We’re fast approaching a quarter-century since Juventus last won the Champions League. The latest failure coming from a young, bold and at times a simply irrepressible Ajax side that thoroughly dominated The Old Lady over two legs. To put the wait into some sort of perspective, when Gianluca Vialli hoisted ‘Ol Big Ears high into the Roman sky in May 1996, five of the Ajax starting XI from the second leg weren’t even born.
The Juve post-mortem has already started, and will continue in the weeks and months ahead. Where does this team go from here? In the moments following their elimination, Max Allegri announced he’ll remain at the club, also confirmed by President Andrea Agnelli.
Yet the two games against Ajax demonstrated – quite clearly – that having Cristiano Ronaldo, as clutch a player as there is in the modern game, simply isn’t enough. Ronaldo needs a supporting cast, and this season’s cast of players has fallen remarkably short as the business end came into focus. Ajax’s victory was a stark reminder that the collective usually triumphs over the individual.
Furthermore, the Ajax games laid bare the brutal truth about the dearth of genuine quality in Juve’s midfield. Repeatedly torn to shreds by the Dutch side’s incisive, crisp, quick passing and movement, Blaise Matuidi, Emre Can and Miralem Pjanic were made to look the living representation of the club’s nickname: they were the old in the Old Lady.
The glaring deficiencies in the middle of the pitch have been palpable to most since the departure of Paul Pogba in 2016. For a management team that’s so widely lauded for its ability to sniff out bargains and astute signings, they’re now paying the price for continually neglecting, or rather papering over the seismic cracks, in that most crucial area of the pitch.
Their run to the 2015 Champions League Final was built on the brilliance of their midfield: the languid genius of Andrea Pirlo, the dynamism of Arturo Vidal and Pogba, and the quiet versatility of Claudio Marchisio. A case could be made that at the time it was the finest in Europe, four players who complemented each other and as a collective unit possessed everything. Four years on, and none of that quartet have been adequately replaced. One could make half-baked arguments for Matuidi and Pjanic, but you’d be grasping at very thin straws.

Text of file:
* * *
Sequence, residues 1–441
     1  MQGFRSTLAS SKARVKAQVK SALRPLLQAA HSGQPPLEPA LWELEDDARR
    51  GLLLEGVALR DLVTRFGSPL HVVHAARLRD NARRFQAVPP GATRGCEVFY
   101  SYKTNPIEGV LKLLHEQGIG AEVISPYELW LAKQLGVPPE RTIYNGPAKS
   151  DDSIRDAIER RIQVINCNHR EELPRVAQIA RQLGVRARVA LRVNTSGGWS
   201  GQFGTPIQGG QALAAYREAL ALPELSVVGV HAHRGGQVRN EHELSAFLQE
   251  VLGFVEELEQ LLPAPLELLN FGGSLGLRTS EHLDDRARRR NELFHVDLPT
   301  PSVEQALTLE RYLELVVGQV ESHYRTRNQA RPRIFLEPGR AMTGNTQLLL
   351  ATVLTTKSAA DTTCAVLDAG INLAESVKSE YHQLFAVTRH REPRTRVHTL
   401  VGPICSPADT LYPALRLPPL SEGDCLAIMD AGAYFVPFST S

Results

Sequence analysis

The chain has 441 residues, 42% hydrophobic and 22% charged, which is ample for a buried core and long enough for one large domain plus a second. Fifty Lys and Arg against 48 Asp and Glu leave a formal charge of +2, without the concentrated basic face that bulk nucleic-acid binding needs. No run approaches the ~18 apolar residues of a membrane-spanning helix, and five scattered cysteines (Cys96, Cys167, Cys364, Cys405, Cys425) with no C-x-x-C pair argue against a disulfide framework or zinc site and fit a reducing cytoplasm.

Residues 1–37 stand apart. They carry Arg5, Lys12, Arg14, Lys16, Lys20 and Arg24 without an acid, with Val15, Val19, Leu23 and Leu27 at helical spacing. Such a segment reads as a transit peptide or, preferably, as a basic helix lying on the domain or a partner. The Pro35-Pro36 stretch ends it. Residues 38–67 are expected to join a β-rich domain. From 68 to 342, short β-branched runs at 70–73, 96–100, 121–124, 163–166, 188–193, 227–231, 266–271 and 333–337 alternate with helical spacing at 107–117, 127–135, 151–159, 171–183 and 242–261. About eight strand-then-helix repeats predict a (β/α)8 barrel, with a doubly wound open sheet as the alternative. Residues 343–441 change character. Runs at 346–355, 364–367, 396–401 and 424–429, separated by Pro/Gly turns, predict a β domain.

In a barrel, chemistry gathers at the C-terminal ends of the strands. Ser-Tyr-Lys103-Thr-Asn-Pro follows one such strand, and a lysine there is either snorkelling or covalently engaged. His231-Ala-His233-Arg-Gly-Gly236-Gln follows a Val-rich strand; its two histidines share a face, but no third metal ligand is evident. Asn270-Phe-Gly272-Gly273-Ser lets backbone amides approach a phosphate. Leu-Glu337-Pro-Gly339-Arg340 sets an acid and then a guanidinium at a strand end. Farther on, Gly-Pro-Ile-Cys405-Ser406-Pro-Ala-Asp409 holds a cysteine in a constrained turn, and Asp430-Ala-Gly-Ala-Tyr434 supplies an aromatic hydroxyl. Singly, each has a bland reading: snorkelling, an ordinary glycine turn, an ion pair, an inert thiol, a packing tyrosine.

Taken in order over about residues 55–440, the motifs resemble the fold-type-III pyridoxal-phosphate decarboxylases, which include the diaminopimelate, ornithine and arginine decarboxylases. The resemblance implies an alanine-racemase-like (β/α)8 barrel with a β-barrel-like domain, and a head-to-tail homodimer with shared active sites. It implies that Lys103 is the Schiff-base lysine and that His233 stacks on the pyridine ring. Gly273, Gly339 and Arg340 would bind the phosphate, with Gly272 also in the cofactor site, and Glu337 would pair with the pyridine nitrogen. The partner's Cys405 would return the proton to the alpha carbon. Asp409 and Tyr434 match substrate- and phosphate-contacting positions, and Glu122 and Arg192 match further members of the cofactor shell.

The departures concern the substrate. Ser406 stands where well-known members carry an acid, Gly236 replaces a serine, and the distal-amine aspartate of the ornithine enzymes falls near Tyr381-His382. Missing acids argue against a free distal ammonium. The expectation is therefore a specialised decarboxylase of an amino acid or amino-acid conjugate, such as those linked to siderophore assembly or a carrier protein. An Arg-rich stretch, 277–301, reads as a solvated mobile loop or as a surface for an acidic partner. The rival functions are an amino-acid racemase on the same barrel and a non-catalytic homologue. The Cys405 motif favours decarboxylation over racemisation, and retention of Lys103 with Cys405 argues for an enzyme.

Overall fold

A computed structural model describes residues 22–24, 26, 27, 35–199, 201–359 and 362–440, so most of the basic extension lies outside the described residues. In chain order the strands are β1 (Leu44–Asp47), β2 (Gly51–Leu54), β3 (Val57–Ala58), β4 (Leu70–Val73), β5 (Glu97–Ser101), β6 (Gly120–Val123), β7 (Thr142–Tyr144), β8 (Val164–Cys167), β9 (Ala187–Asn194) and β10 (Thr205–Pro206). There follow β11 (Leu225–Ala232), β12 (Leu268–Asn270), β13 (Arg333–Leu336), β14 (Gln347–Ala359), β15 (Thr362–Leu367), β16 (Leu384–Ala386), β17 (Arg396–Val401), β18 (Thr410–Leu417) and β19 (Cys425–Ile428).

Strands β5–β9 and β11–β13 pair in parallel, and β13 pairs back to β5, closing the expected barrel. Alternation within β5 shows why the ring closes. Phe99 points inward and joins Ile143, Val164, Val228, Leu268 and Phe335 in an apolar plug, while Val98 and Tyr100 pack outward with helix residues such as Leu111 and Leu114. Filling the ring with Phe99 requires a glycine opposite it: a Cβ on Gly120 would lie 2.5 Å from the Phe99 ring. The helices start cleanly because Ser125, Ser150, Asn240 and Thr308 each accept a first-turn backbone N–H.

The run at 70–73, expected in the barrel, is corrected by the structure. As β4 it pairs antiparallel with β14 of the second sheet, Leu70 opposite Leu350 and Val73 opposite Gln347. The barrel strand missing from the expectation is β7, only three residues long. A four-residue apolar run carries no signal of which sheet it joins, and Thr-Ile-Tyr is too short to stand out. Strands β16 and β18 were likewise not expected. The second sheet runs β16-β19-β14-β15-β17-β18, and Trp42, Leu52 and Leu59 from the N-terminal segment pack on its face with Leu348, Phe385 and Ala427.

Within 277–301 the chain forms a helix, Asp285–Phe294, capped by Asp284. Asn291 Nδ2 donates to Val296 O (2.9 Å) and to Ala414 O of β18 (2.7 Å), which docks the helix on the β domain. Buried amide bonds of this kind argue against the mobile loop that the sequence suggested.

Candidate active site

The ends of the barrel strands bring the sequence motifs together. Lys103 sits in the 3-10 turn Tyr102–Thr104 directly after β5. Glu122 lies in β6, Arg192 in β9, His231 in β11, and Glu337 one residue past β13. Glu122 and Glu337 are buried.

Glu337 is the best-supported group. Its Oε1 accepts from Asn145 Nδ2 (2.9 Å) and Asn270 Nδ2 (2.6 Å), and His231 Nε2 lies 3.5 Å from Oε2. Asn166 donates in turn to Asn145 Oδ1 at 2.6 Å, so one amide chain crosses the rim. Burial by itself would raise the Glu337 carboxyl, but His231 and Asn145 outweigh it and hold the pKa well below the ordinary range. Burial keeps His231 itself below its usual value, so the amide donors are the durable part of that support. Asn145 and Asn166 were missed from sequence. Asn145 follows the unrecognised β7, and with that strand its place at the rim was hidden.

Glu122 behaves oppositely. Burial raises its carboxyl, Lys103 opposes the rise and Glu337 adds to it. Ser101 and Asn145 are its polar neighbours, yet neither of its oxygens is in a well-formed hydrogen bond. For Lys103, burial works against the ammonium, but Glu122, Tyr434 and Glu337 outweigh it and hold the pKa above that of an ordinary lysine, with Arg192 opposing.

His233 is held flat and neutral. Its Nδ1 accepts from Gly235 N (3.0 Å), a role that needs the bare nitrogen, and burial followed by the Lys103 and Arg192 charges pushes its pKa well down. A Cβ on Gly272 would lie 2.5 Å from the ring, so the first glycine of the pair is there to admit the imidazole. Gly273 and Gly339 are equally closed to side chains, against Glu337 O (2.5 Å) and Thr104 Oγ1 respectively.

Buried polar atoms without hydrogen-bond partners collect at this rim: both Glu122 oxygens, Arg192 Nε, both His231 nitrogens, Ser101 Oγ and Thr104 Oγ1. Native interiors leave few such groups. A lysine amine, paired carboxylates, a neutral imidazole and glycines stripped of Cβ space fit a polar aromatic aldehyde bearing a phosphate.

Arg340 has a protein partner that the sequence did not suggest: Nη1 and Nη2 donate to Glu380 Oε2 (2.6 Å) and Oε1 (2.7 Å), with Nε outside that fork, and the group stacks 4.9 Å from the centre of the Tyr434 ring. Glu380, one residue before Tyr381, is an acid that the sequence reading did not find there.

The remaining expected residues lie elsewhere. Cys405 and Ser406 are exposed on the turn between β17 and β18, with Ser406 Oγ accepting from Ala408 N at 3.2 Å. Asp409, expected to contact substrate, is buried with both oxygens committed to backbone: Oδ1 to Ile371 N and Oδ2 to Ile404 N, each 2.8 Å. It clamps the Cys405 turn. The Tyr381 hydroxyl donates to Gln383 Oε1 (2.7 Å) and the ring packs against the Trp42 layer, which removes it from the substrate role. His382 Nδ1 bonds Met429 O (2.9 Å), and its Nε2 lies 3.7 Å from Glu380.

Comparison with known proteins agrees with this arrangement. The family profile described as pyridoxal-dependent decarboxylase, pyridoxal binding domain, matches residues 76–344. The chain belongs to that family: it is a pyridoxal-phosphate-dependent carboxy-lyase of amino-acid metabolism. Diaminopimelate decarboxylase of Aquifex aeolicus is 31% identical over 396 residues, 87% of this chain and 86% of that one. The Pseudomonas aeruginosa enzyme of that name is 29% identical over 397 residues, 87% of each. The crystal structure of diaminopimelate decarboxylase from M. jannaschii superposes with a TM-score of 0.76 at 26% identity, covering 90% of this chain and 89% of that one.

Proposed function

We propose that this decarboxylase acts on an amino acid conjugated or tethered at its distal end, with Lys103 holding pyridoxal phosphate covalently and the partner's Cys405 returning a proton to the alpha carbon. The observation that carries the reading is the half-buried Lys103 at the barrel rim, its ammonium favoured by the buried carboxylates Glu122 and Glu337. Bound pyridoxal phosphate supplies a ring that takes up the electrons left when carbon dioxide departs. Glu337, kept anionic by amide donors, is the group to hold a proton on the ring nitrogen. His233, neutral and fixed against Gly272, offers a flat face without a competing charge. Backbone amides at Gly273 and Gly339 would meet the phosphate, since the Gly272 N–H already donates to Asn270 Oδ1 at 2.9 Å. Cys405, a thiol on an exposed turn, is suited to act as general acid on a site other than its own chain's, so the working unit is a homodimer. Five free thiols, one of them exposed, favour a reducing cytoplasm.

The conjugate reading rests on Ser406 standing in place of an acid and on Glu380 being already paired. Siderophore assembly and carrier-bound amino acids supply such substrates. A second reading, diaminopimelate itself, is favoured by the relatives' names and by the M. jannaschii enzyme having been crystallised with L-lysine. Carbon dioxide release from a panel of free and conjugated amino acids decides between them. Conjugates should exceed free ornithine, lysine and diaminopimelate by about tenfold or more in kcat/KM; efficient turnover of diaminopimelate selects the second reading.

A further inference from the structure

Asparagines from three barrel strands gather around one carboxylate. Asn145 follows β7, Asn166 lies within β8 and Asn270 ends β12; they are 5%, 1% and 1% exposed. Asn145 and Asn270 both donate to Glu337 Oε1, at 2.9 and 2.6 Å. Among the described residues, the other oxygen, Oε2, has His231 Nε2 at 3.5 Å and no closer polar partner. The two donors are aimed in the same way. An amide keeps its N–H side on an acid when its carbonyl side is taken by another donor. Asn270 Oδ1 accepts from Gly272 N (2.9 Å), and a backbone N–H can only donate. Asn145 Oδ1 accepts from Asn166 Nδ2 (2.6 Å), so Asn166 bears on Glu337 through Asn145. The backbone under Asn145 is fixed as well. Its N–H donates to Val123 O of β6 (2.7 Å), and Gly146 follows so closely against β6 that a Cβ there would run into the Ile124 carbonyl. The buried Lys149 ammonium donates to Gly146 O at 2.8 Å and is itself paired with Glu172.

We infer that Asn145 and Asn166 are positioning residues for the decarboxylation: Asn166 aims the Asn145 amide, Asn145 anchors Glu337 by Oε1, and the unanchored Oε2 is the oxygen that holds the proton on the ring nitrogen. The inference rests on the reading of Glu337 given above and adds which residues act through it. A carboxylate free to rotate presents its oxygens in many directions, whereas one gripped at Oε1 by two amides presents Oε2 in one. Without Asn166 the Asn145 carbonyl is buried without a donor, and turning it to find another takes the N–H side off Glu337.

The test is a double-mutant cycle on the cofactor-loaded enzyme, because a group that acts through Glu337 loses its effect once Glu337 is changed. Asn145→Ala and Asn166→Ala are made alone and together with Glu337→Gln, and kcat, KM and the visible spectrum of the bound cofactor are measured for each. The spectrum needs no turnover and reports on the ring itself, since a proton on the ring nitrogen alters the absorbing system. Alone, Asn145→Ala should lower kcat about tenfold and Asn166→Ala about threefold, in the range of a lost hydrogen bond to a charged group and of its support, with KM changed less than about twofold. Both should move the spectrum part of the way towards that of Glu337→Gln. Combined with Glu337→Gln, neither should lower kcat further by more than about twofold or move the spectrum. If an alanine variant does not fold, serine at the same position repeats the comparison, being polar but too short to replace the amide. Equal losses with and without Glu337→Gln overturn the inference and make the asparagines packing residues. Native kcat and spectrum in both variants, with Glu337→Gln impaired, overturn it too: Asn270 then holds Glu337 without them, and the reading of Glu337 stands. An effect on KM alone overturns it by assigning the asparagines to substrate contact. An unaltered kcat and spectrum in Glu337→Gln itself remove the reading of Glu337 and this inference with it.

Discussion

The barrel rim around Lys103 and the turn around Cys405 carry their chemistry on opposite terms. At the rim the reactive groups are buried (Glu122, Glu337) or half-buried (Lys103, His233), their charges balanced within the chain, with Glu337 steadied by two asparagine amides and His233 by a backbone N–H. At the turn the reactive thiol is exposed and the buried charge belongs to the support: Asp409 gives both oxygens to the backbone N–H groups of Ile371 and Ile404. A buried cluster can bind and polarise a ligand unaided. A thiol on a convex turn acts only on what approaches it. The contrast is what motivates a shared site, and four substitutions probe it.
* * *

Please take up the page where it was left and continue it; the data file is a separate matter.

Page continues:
Just two years after that, the run to Cardiff was built on the supremely-marshaled defence that conceded a miserly three goals en route to the Final. And now, that same defence has all but lost its reputation for goal-thriftiness. A once water-tight ship that now springs leaks at every opportunity, Wojciech Szczesny was the only player standing between Juventus and a comprehensive drubbing by Ajax.
A reliable replacement for 34-year-old Giorgio Chiellini has yet to be found, whilst Daniele Rugani continually fails to impress and Leo Bonucci, ludicrously brought back at the expense of the highly-valued Mattia Caldara, is a shell of the player who left for Milan two summers ago. Notwithstanding that he’s also a walking PR disaster.
What Juve have is a squad that’s considerably top-heavy, to such an extent that they’ve spent over €420m on attackers since the summer of 2015. Compare this to what has been invested in the other areas of the pitch over the same period, a ‘mere’ €245m, and you begin to see the real lack of understanding in the needs of the squad.
A mini revolution is in order to reinstate the balance this summer. Aaron Ramsey is sealed and delivered, yet he alone is not enough. A player with Vidal and Pogba’s dynamism is a must. Matthijs De Ligt, he of the winning goal on Tuesday night, has been on the club’s priority list for months, but it’s likely he will join Frenkie de Jong at Barcelona.
Alex Sandro, Sami Khedira, Juan Cuadrado, Douglas Costa and Paulo Dybala were all reported to be on the chopping block at various times. Alex Sandro never recovered from being taken apart by Dani Carvajal in Cardiff. Cuadrado and Costa have contributed little to this campaign due to a slew of injuries. Khedira, a favourite of Allegri, plays in slow motion.
This brings us to the problem of Dybala. The Argentine, whose departure would recoup the most money, has undoubtedly suffered most in the new Ronaldo-dominated landscape. Not suited to a 4-3-3, Allegri has, to his credit, attempted to accommodate Dybala in numerous systems, but it’s evident little appears to be working. A potential departure might be best for all concerned.
Fabio Paratici, now in full control of Juve’s transfer market following Beppe Marotta’s hasty exit in October, will want to rectify the problems Marotta created. Otherwise, you suspect there could be a similar article trotted out next April, outlining the same issues.
It promises to be a major summer ahead for Juventus. It’s time to give Ronaldo the supporting cast he warrants.
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